FIG. 1 further shows that the signal conditioning employed includes a differential amplifier 116 that removes the signal pedestal. This is shown graphically in FIG. 4. The differential amplifier 116 of FIG. 1 uses a digital input value that indicates the value of the pedestal to be removed. This may vary for each detector of an array, and varies as a function of temperature. The fixed amplifier 118 of FIG. 1 conditions the output of the differential amplifier 116 such that the signal is within the input sensitivity of the ADC 122. The exemplary signal of FIGS. 2-4 is shown in FIG. 5, showing that the dynamic range is now amplified to meet the input sensitivity of the ADC 122.
Following the digitization of the signal, the digital signal is then processed to remove fine non-uniform variations in the output. This is done with the use of digital coefficient memory 124, which provides a correction value corresponding to the difference between the output of an individual detector in the array and the array mean when viewing a flat-field radiation source (such as a blackbody calibration source).
Another correction stage applies a gain value to the signal that corrects the non-uniform response of different detectors in the array to variations in the impinging infrared energy. Together, these correction values remove system fixed pattern noise from the image. However, as will be shown, the correction values are only serviceable for the temperature at which the system was calibrated.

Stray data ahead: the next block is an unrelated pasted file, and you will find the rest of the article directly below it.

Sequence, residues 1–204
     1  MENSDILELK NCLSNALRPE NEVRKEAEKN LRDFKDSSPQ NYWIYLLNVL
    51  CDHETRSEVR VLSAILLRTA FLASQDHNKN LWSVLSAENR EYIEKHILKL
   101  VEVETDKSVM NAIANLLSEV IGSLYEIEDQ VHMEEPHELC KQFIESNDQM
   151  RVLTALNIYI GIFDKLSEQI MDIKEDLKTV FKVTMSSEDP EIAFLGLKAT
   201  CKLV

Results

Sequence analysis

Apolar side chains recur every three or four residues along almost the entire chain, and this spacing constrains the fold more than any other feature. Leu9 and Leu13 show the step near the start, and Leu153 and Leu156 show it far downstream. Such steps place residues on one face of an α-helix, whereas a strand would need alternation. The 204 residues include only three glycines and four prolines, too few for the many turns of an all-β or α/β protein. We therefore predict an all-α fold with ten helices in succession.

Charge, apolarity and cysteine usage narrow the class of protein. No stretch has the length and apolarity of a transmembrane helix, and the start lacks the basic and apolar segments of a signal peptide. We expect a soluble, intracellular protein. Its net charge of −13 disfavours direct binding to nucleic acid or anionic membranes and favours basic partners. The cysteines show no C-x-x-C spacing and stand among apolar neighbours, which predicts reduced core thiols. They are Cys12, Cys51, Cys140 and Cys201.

The responsivity, , of the microbolometer is defined as:
B is the bridge factor RL/RL+R
RL is the load resistance
R is the detector resistance
V is the detector bias voltage
α is the temperature coefficient of resistance (TCR) of the material
ε is the emissivity of the microbolometer
G is the thermal conductance
τ is the thermal time constant, C/G
C is the thermal capacitance
f is the frequency (frame rate)
The parameter of interest is α, the Temperature Coefficient of Resistance (TCR), as it is the determining factor of the temperature variation of the output of the detector if all other factors are held constant. Semiconductors are typically chosen for these types of microbolometer detectors since they possess high TCR values of approximately 2.5%/°C. The disadvantages of too high a TCR are higher (1/ƒ) noise, and variance of the TCR with respect to temperature. Semiconductors possess strong negative nonlinear TCR characteristics. The resistivity of the material is derived from the amount of free charge carriers within the substance, wherein the quantity of these mobile carriers increases with increasing temperature. However, the mobility of these carriers varies inversely to temperature by providing a generally gradual increase in mobile carriers. Thus, the TCR of a material is based on the activation (bandgap) energies of the electrons (the mobile carriers in this case) and is described by:
ΔE is one-half the bandgap energy
K is Boltzmann's constant
T is the absolute temperature (°K)
As described above, the TCR of a material varies with temperature. Therefore, the response of a detector is also a function of the detector temperature, even when viewing the same object. This variation causes the output of the detector to increase or decrease such that it eventually saturates the ADC 122.